Ever since my first trip, I had been trying to find some confirmation for this rumour. Nobody close to me had heard anything about it, and Han people who came from Xinjiang were equally vague. All they knew was that after 1950 thousands of people had gone there to open up the wasteland and garrison the border; they rarely discussed their family history prior to 1950. Even if they had, it was quite simply impossible for me to get any kind of permission to go reporting in Xinjiang; even friends in the public security system who would normally have helped said: That place is an independent kingdom without a gate! Although I came across Xinjiang Muslims from time to time, they either didn't speak my language or just answered, "I don't know," to all my questions.

Finally, in 2005 I saw a piece of news in the Chinese media:

On 16 October this year, a group of Chinese and foreign journalists took their first steps into the "mysterious" Xinjiang Production and Construction Corps . . . reporting on an exceptional "army unit" on China's western border. This visit was organised by the News Department of the Chinese Foreign Office and the Xinjiang Autonomous Region Foreign Affairs Office.

And so I began a new round of investigations into the Xinjiang Construction Corps. Compared to the primitive investigation methods of a decade earlier, everything was now much more accessible; stories to do with Shihezi had begun to appear in some small local newspapers and hand-copied literature and novels that were outside the scope of government control, and people from Shihezi were starting to talk about their past on the Internet. But these were all just personal anecdotes. It still proved impossible for me to find a properly authoritative historical summary. Later I discovered that the "authoritative historical summary" I was searching for didn't exist.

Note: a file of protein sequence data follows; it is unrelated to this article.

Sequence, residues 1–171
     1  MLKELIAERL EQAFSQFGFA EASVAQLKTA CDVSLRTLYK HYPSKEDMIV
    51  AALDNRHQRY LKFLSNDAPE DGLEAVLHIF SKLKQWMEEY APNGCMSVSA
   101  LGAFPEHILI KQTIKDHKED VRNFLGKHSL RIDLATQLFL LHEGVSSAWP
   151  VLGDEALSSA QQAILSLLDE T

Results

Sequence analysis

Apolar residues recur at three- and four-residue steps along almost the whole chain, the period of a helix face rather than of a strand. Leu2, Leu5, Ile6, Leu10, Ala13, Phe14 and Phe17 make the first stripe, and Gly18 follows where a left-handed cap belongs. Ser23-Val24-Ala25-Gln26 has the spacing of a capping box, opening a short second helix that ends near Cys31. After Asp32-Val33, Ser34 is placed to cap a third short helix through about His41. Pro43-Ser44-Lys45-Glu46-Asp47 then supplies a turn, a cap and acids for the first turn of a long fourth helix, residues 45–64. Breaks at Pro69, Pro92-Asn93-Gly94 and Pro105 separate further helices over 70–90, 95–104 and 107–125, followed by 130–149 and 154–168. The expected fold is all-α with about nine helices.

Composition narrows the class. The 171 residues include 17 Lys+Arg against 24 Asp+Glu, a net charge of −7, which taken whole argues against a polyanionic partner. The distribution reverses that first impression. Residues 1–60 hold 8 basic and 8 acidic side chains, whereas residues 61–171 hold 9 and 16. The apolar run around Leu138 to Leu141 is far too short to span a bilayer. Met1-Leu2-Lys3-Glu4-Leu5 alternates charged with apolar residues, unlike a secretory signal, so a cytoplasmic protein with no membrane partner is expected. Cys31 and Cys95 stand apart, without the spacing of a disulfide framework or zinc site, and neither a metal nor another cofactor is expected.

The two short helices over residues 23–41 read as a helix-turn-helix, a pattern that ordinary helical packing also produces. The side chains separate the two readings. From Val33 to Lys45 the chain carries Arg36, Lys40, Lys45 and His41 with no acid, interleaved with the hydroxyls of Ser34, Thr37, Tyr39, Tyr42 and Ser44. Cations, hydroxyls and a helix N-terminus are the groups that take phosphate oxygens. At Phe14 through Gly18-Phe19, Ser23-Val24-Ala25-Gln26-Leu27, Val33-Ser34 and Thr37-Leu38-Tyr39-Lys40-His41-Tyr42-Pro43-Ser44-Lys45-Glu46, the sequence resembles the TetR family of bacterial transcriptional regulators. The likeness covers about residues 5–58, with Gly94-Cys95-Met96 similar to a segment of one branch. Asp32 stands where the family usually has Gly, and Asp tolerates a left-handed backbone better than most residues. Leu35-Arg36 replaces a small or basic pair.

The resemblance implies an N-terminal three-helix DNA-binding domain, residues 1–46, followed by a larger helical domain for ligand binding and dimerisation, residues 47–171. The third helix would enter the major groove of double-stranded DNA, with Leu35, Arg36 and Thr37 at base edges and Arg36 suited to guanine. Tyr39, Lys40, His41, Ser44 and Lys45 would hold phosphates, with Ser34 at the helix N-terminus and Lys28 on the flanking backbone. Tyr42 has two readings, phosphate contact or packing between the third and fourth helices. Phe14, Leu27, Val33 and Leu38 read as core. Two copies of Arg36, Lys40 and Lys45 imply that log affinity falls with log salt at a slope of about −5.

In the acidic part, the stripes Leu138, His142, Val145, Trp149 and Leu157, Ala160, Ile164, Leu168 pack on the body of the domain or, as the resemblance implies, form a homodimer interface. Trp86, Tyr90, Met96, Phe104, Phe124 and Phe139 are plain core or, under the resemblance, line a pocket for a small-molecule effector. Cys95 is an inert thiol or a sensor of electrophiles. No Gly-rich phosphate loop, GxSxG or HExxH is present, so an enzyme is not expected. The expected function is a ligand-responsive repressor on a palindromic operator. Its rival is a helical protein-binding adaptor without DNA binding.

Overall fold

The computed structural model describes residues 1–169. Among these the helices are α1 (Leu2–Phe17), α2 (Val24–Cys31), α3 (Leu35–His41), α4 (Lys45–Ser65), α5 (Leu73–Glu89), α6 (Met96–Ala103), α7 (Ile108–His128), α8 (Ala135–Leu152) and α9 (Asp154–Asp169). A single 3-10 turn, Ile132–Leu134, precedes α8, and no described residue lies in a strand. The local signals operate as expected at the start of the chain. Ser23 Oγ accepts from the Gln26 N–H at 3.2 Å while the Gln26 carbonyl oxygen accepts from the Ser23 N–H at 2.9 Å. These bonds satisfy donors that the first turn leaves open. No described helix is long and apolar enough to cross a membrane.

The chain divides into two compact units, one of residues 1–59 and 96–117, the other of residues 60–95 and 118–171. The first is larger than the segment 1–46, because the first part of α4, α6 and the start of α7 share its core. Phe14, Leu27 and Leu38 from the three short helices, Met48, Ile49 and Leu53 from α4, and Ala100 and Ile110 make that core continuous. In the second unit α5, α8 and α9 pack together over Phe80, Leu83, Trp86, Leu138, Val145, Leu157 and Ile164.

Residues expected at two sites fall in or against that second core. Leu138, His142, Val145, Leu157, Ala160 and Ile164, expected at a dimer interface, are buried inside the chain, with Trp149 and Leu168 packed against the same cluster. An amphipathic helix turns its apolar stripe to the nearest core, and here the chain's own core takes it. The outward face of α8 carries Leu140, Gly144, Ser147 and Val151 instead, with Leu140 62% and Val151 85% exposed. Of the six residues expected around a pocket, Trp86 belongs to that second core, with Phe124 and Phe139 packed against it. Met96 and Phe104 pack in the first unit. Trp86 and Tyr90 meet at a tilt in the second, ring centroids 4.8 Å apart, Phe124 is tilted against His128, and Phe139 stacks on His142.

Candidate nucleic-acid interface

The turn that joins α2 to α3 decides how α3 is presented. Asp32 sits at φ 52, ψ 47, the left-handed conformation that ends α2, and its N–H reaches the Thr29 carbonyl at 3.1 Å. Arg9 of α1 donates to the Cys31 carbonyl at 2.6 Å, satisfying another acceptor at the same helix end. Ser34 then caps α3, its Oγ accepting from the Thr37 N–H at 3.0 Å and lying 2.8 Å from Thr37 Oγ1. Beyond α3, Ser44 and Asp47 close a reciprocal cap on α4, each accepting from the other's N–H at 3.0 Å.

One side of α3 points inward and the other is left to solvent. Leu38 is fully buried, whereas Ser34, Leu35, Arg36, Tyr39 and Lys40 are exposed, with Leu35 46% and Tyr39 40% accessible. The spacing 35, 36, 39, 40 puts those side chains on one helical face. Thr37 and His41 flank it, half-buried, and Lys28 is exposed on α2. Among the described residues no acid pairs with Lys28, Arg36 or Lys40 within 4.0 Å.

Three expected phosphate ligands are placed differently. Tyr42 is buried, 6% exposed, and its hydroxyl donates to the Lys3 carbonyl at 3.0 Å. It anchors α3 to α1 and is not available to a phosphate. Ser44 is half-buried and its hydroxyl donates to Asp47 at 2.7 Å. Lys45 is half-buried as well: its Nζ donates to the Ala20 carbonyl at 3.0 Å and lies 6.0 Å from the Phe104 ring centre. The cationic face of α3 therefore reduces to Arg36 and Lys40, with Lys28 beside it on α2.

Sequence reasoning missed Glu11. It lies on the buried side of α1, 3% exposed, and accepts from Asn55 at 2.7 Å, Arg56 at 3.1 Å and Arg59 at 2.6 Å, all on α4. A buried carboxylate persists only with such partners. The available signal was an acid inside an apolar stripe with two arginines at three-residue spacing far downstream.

According to the introduction on a Chinese government website:

Xinjiang occupies a sixth of China's area, and is inhabited by forty-seven different ethnic groups. The ancient Silk Route passes through here, and it is an important strategic area rich in energy resources. Historically, its economy was based around agriculture and herding, with factories and mines remaining at the handicraft and workshop level. There was not an inch of railway, and industry was practically zero – the nearest thing was blacksmiths making horseshoes. The peaceful liberation of Xinjiang was completed by 25 September 1949, and later that same year, General Wang Zhen received orders to lead the First Corps of the People's Liberation First Field Army into Xinjiang and reorganise the units involved in uprisings against the Guomindang and the armies of the Three Districts Revolution.*2 Following this, the People's Liberation Army began to open up the wasteland while continuing to guard the border, concentrating their efforts mainly on production, construction, and acceleration of Xinjiang's economic development. In August 1954, before the foundation of the Xinjiang Uighur Autonomous Region on 1 October 1955, 175,000 of these soldiers were transferred to civilian work by the authority of the Central Committee of the Communist Party and the Central Military Committee, and the Xinjiang Production and Construction Corps was founded.